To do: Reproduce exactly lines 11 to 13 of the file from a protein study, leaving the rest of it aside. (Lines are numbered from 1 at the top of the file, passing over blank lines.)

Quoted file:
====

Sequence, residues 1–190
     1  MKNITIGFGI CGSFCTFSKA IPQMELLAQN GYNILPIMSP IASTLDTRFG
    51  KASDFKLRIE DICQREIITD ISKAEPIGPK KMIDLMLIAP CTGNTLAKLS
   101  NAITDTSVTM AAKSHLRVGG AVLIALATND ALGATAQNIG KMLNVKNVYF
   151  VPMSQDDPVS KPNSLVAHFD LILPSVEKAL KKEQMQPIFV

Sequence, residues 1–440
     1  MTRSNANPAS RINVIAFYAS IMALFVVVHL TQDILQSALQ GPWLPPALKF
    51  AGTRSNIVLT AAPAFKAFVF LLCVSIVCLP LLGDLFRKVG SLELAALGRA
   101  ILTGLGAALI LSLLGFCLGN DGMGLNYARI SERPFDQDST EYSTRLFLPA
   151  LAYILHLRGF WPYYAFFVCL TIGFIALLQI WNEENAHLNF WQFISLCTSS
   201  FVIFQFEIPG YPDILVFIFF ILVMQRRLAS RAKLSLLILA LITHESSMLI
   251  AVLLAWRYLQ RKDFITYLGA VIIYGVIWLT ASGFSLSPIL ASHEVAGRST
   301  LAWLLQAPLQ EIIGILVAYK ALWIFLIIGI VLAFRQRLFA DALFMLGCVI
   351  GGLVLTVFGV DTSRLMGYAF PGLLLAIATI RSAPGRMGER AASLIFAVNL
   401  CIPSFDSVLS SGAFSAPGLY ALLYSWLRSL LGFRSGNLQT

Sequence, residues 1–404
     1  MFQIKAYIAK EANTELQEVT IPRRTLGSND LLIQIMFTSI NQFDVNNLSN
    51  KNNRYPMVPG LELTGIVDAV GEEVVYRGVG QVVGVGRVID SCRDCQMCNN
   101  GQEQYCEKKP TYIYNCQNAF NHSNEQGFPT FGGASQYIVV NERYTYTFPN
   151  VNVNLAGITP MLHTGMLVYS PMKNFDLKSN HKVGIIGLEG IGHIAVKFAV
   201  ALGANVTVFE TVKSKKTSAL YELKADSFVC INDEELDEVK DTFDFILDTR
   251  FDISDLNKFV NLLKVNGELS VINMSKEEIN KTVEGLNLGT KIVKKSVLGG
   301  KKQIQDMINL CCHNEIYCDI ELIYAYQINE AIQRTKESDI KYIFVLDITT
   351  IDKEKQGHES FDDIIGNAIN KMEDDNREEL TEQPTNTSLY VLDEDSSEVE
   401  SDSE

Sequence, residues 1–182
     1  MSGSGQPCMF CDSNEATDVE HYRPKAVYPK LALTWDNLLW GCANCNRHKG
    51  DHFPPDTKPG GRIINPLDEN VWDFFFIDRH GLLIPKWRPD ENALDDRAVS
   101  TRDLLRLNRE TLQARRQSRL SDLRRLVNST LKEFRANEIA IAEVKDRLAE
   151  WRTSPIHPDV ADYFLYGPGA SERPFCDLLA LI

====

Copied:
   201  FVIFQFEIPG YPDILVFIFF ILVMQRRLAS RAKLSLLILA LITHESSMLI
   251  AVLLAWRYLQ RKDFITYLGA VIIYGVIWLT ASGFSLSPIL ASHEVAGRST
   301  LAWLLQAPLQ EIIGILVAYK ALWIFLIIGI VLAFRQRLFA DALFMLGCVI